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Budapest music legend Bruce Lewis pens debut novel about the city’s crazy decade

A regular performer in the pubs and clubs of Budapest during the heady 1990s, Kentucky guitar picker Bruce Lewis has just published his first idiosyncratic novel, Joshua Fragmented. Switching settings between the Bluegrass State where he grew up and the Hungarian capital where he found his calling, Bruce has captured the crazy times of the post-’89 goldrush here. We caught up with the author and musician as he was conducting a round of interviews back on home turf.

If you were in Budapest in the 1990s, the chances are you bumped into Bruce Lewis. He may have been giving a show in his inimitable jazzy style at the Nothing But The Blues Pub, mingling with the offbeat regulars around the bar at the Sixtus or producing first-thought-best-thought missives for cult English-language newspaper Budapest Week.

The Wild East

I like to call us the ’89ers,” Bruce tells We Love Budapest from his home in Lexington, Kentucky. “We were Americans fleeing Reagan and Brits escaping the UK.”

Ever the friendly gent with a kind word for everyone in English or Hungarian, Bruce left Budapest in 2012, his memories still fresh of a city in transition.

I already had a lot written down on paper,” he says, thinking back to the suitcases full of scribbled notes which eventually became his 531-page tome, Joshua Fragmented, recently published by Kentucky-based Rabbit House Press.

The plot follows two main characters, bandmates Joshua Celeste and Crip Kovacs, “Jekyll and Hyde,” as Bruce puts it, the first an itinerant musician “given a name to represent something ethereal and something with historic weight, straight out of the Old Testament”.

Sundry Kentuckians, then various Hungarians and Budapest expats, some instantly recognisable to those living here at the time, hone into view as the camera pans either side of the Atlantic before coming to rest by Lake Balaton.

Detail is summoned up by means of dialogue, both inner and spoken, as well as notes and letters between the protagonists. The poems Bruce also considered including should make an equally evocative stand-alone work as and when ready.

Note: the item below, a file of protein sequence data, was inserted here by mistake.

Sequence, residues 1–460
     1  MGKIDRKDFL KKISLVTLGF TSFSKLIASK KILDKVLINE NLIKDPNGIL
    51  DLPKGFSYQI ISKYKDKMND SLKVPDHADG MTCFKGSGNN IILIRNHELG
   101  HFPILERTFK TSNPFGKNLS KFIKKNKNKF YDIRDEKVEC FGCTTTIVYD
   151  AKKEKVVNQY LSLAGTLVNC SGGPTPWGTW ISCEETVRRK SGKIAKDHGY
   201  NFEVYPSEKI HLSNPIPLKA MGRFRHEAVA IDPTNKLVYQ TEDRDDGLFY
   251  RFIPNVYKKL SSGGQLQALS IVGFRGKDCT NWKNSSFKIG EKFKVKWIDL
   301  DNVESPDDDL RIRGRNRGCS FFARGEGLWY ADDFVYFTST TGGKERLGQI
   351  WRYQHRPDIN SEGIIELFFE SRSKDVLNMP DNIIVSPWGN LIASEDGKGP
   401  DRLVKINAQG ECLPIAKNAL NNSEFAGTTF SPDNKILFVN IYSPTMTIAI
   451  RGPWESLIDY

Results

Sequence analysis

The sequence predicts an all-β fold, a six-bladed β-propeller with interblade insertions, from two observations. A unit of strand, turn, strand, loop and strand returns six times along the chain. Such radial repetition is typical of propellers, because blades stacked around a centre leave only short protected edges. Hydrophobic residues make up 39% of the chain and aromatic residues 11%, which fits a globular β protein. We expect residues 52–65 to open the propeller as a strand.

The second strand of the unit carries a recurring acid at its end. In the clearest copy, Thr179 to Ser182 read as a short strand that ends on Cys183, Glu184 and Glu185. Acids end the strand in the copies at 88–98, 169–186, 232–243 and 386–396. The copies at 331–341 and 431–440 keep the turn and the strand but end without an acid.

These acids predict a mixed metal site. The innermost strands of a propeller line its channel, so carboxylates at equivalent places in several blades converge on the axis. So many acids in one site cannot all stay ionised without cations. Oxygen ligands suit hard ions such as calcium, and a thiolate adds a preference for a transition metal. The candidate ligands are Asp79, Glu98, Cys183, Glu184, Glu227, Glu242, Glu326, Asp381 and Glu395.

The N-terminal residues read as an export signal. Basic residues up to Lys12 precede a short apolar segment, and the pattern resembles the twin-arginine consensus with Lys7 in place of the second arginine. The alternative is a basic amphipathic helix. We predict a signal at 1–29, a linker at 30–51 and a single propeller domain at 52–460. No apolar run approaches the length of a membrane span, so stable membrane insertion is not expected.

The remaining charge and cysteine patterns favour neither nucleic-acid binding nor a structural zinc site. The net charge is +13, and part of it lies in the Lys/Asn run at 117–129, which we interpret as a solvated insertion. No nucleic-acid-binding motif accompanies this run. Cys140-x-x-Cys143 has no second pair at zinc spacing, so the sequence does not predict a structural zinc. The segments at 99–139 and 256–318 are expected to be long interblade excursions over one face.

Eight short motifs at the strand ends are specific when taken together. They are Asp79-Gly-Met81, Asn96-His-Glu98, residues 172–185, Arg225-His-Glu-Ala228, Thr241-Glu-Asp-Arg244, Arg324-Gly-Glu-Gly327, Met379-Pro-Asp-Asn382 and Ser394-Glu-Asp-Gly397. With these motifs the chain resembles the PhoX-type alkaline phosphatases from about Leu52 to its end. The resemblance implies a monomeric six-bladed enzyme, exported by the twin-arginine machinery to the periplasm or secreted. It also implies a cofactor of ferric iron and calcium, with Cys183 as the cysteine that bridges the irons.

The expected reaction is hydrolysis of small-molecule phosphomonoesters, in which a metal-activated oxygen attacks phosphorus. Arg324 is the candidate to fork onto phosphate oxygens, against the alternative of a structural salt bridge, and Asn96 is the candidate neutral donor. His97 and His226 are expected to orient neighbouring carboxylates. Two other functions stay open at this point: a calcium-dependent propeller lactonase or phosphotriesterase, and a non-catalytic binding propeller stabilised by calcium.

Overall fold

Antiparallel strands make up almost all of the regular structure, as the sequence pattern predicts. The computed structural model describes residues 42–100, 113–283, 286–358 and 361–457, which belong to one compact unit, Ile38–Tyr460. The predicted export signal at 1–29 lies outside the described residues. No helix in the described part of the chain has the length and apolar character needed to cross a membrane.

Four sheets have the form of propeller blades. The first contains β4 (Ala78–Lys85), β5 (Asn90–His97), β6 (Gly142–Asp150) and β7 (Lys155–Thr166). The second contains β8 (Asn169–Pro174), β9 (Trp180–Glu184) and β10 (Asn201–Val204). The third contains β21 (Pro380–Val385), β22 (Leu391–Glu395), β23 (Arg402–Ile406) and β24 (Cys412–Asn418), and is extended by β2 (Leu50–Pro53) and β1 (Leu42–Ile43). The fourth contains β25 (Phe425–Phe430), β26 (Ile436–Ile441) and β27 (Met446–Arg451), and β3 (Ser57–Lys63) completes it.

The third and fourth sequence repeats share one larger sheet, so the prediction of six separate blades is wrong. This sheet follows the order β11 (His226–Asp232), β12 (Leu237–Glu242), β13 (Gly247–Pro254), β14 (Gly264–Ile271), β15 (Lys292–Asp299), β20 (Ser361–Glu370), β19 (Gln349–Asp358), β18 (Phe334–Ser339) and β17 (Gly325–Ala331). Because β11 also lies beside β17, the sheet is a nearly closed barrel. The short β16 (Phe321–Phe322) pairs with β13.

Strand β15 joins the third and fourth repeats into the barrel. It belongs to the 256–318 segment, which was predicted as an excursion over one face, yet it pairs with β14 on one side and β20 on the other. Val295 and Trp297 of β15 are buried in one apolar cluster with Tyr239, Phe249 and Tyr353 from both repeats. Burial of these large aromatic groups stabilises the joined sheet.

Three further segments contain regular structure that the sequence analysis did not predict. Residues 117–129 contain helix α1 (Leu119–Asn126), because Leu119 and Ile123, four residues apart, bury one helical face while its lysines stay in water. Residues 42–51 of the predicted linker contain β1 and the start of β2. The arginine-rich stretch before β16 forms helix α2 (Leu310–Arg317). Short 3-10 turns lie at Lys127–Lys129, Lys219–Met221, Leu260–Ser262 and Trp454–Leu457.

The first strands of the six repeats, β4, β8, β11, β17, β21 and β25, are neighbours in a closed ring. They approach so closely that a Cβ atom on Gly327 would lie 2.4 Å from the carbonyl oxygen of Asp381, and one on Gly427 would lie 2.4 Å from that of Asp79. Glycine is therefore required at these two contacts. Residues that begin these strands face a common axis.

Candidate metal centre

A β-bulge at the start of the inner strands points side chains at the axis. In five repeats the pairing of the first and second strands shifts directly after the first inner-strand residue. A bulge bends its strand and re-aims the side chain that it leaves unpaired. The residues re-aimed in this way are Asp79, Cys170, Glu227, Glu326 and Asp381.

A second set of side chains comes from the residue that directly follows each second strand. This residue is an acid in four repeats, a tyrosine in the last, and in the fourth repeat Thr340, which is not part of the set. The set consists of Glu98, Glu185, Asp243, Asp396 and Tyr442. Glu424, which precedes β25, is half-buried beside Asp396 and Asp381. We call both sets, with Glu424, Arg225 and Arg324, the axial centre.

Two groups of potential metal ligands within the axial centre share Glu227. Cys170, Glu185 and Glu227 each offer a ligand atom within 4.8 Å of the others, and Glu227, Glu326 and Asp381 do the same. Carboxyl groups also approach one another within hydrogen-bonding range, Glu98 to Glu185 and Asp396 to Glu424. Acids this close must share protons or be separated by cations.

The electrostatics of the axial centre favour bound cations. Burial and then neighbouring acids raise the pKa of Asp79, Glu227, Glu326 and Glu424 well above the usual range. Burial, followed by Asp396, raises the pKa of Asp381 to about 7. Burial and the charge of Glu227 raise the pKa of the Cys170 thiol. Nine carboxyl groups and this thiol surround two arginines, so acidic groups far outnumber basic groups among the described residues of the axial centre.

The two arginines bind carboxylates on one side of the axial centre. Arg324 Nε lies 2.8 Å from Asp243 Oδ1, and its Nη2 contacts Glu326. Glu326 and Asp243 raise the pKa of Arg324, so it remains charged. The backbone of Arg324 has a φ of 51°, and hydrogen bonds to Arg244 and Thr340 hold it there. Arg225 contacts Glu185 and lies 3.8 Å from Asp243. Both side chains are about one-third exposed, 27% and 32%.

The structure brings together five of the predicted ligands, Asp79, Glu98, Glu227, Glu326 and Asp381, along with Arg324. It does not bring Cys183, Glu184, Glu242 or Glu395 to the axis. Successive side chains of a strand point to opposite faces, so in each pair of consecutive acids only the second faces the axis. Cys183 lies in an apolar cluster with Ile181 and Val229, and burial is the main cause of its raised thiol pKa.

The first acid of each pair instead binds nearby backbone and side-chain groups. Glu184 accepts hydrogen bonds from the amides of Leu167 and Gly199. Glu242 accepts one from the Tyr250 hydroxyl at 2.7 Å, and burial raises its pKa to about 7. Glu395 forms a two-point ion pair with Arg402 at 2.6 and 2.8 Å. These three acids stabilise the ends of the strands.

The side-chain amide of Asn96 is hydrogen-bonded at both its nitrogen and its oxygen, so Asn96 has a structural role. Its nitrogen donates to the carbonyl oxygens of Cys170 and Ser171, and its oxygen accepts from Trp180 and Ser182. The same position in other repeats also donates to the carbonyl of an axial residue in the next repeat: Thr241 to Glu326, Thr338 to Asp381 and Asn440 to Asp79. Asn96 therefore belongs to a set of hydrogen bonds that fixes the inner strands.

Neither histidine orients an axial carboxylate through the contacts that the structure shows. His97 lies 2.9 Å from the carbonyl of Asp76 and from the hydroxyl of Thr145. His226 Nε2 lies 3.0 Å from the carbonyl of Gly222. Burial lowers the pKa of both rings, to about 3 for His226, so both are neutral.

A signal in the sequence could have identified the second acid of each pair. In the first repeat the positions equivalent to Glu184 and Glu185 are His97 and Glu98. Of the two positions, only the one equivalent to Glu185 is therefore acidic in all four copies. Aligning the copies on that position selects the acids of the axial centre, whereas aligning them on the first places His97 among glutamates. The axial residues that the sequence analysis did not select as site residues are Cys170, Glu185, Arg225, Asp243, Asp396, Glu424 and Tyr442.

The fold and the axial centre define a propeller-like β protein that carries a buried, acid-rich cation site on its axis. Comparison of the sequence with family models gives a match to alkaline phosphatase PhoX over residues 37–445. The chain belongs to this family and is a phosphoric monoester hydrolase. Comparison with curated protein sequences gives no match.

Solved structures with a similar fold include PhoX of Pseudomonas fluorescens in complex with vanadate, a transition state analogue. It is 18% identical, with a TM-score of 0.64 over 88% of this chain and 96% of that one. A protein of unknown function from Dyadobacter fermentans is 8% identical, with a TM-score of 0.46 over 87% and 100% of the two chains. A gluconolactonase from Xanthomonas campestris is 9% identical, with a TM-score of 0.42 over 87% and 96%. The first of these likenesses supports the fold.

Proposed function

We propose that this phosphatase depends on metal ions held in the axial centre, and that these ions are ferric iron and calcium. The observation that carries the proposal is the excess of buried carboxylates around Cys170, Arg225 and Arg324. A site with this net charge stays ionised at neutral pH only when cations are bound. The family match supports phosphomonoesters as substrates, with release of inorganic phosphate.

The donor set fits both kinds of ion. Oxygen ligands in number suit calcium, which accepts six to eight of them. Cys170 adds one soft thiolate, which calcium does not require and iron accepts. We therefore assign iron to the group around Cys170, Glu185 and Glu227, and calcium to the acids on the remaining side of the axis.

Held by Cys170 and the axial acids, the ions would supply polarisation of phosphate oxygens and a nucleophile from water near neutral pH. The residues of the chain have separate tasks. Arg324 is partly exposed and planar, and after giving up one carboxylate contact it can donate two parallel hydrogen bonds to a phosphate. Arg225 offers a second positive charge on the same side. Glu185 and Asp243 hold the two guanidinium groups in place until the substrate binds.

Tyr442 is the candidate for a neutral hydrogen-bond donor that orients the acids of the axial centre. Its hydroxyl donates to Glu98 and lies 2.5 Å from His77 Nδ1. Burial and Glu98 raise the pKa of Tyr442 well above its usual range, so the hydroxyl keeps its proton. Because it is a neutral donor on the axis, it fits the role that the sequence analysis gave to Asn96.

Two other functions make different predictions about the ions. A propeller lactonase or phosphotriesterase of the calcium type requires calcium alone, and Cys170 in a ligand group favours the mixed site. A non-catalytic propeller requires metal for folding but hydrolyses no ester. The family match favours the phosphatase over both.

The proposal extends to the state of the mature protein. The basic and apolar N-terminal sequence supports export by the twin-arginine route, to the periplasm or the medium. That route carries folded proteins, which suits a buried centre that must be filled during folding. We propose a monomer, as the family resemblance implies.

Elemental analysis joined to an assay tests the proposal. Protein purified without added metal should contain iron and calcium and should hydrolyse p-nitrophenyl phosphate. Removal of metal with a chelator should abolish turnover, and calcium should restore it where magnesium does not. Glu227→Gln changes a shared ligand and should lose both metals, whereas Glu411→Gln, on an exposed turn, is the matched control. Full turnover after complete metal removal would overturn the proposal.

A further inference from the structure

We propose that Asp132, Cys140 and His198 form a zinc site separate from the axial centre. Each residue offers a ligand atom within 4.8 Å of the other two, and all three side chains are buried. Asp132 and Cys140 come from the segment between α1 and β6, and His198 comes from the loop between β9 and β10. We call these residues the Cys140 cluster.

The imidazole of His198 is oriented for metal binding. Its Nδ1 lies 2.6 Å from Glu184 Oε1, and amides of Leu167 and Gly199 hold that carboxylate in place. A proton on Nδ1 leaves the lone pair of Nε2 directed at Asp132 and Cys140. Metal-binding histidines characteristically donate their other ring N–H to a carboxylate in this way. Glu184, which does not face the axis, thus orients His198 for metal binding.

Underpinned by a montage of Western cultural references – quotes from Go West by the Marx Brothers, Fire by Jimi Hendrix and The Maltese Falcon creep into the picture – Joshua Fragmented feels most at home amid the blue fields of Kentucky and the anything-goes new frontier of post-’89 Budapest.

As somebody once said, ‘memory is genius!’,” smiles Bruce, who sews architectural, historical and musical finery into the Budapest chapters of his book. Market barkers, naff Commie-themed pizzerias, the legendary Tilos az Á nightclub and Serbian draft dodgers all have walk-on roles in a filmic tableau whose era, bizarrely, feels even longer ago than the Socialist one it replaced.

It was a joy to write and tinker with,” says Bruce, citing Flaubert, Marcel Camus’ 1959 film Black Orpheus and the Pulitzer-Prize winning novel by Oscar Hijuelos, The Mambo Kings Play Songs of Love among his main influences as he pieced together a patchwork quilt of four decades past.

While Rabbit House Press seems the perfect fit for Joshua Fragmented, its portfolio partly Kentucky-centric, a Hungarian outlet for a local-language version of the book would seem like a logical next step. The cover art by Rick Bennett of this current edition, however, is a joy in any language.

Meanwhile, just like Joshua Celeste, Bruce has another gig to do, this time a Stevie Wonder night in Lexington on 6 November. Then there’s that book of poems

Joshua Fragmented
Available from Rabbit House Press and Amazon 


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